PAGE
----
Enter, the Dalit priest

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By M.R. VENKATESH in Chennai
  • Published 26.04.08

Chennai, April 25: From June, get ready to welcome Dalit temple priests in a country where even worshippers from the community are often barred from Hindu shrines.

Far away from the IIMs and IITs, Dalit and backward-class priests are getting ready to storm a Brahmin bastion, helped by job and education quotas.

M. Karunanidhi’s Tamil Nadu government had issued an order in May 2006 saying all Hindus, whatever their caste, would be allowed to become archakas (priests) and conduct temple rituals if they were “qualified”.

To ensure they did qualify, the government set up six priest-training institutes and admitted students under the state’s 69 per cent education quota, applicable to Scheduled Castes, Scheduled Tribes, Backward Castes and Most Backward Castes.

The first batch of 207 students will graduate in June to become eligible for jobs at the state’s about 36,000 government-run temples — this time under the 69 per cent job quota.

These students include 76 BCs, 55 MBCs and 34 Dalits, the state’s Hindu religious and charitable endowments minister, whose department manages these temples, said today.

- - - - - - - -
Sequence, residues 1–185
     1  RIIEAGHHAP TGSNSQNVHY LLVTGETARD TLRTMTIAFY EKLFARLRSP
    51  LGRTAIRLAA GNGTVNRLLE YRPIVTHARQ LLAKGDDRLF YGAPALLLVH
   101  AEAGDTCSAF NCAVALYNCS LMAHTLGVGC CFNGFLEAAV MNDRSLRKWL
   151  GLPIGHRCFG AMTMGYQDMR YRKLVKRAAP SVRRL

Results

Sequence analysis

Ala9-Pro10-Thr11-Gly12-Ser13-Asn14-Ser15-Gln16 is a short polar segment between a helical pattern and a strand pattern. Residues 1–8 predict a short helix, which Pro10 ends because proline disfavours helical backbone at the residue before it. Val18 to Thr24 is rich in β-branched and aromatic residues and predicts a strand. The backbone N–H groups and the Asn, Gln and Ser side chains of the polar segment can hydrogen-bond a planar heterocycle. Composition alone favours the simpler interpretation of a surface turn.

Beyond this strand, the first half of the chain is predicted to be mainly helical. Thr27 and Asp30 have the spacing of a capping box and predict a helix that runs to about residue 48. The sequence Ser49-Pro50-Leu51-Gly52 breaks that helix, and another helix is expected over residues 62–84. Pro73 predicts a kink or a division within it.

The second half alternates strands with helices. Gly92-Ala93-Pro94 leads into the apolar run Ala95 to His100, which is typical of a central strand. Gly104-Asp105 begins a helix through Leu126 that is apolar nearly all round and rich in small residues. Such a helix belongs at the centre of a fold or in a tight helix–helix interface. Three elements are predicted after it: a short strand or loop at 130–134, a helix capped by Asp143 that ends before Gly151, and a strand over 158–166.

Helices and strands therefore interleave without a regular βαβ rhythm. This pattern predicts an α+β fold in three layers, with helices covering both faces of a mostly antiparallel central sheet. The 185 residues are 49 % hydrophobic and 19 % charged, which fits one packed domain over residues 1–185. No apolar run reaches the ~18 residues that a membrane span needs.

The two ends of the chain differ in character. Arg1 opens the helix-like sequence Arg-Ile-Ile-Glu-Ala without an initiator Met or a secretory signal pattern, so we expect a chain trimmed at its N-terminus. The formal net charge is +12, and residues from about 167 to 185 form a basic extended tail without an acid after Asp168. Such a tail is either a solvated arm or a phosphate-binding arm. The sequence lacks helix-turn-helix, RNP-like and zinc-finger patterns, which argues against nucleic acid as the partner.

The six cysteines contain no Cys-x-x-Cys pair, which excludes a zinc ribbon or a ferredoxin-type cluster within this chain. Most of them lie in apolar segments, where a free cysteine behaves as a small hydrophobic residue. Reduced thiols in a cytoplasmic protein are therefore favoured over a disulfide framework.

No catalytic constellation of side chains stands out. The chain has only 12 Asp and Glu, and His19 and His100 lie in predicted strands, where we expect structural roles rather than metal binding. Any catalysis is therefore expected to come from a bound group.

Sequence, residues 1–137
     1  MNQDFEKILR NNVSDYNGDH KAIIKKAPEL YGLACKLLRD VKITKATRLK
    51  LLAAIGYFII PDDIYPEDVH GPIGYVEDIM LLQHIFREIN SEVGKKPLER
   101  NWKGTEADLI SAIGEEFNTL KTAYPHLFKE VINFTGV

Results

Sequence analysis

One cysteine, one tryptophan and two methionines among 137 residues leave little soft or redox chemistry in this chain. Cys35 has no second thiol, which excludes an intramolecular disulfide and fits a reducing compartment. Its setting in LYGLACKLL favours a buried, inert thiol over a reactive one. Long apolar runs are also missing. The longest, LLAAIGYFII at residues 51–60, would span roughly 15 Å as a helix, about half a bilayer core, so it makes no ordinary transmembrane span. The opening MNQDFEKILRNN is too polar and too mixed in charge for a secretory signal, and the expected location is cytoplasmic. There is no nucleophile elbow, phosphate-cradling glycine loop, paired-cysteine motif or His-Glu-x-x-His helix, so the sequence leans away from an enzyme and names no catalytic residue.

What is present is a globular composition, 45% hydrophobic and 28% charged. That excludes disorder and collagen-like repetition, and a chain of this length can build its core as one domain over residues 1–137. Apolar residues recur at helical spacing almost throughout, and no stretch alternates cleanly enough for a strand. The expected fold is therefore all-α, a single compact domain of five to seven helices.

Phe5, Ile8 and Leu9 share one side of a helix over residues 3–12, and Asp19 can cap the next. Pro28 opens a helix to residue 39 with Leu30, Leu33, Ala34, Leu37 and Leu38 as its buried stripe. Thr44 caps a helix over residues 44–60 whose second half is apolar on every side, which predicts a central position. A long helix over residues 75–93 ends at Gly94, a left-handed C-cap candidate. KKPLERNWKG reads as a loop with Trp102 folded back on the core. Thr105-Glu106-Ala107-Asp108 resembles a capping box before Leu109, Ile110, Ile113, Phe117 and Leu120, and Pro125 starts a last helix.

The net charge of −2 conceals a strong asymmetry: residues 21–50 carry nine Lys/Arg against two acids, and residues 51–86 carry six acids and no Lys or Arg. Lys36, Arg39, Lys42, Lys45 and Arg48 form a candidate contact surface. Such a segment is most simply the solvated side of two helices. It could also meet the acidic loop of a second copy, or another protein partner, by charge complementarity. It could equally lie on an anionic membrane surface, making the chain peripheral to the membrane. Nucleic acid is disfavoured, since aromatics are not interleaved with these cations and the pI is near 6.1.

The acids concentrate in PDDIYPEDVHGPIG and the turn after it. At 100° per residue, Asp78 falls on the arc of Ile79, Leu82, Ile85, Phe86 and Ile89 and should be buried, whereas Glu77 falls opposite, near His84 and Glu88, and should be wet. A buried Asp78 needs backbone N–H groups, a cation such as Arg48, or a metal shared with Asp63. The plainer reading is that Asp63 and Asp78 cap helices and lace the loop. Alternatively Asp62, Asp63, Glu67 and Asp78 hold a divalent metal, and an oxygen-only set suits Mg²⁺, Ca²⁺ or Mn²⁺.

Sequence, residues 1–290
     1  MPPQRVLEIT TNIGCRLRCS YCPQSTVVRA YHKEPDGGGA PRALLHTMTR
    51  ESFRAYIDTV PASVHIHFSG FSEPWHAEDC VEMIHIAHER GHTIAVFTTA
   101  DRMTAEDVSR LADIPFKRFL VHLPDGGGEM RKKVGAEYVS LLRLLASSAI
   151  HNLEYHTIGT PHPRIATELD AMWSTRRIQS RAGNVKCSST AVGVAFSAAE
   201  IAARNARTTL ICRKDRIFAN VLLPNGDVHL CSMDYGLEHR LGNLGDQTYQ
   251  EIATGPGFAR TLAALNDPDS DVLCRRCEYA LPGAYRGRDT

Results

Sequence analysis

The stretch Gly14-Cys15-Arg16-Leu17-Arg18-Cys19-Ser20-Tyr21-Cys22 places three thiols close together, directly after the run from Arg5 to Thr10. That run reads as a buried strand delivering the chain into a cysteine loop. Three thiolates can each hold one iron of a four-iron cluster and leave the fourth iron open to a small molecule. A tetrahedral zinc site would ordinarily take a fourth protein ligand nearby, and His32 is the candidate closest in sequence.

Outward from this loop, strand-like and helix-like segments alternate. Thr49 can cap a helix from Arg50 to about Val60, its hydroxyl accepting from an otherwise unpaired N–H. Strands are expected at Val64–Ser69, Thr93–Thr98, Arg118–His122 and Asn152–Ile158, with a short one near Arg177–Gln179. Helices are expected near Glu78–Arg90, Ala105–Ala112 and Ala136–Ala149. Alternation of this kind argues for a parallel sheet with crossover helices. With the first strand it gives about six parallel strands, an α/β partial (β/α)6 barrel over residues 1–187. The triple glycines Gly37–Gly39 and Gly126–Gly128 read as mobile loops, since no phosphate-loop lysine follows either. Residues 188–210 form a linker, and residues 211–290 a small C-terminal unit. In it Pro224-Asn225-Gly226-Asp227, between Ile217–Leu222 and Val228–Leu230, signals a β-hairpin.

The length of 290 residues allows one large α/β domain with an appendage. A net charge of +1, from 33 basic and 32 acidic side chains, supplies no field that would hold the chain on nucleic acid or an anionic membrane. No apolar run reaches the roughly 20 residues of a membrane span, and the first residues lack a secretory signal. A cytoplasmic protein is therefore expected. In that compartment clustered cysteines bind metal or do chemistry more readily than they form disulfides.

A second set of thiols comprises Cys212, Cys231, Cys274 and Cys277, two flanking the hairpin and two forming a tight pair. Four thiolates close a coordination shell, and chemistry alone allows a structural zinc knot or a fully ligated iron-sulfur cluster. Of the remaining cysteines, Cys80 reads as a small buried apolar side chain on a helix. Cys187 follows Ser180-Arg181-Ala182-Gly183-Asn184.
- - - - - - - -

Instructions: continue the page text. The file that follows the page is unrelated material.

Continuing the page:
“They have all been trained in the agamas (prescribed methods of temple worship and rituals),” K.R. Periyakaruppan said.

“It’s a big step forward in carrying out the social reforms initiated by the late Dravidian leader, Periyar, and remove caste discrimination at the temples.”

The government had set up a committee under a retired high court judge to suggest how the plan could be carried out. The panel recommended the establishment of two Vaishnava and four Shaiva priest-training institutes.

The Vaishnava Archaka Training Institutes are housed at the Ranganathaswamy temple in Srirangam and the Parthasarathy Swami temple in Chennai. The four Shaiva institutes are at Tiruvannamalai, Madurai, Palani and Tiruchendur.

With NRI Tamils having built several temples abroad, the trainees could even migrate overseas.

Periyakaruppan told the Assembly that most state-run temples faced a funds shortage, and the government would raise their allocations.

Almost 90 per cent of the 36,420 institutions under the Hindu religious department, mostly temples, have an annual income of less than Rs 10,000 each, according to the minister.

A small number of 3,535 religious institutions have an annual income ranging between Rs 10,000 and Rs 2 lakh. As few as 498 get Rs 2 lakh to Rs 10 lakh, and 181 earn over Rs 10 lakh.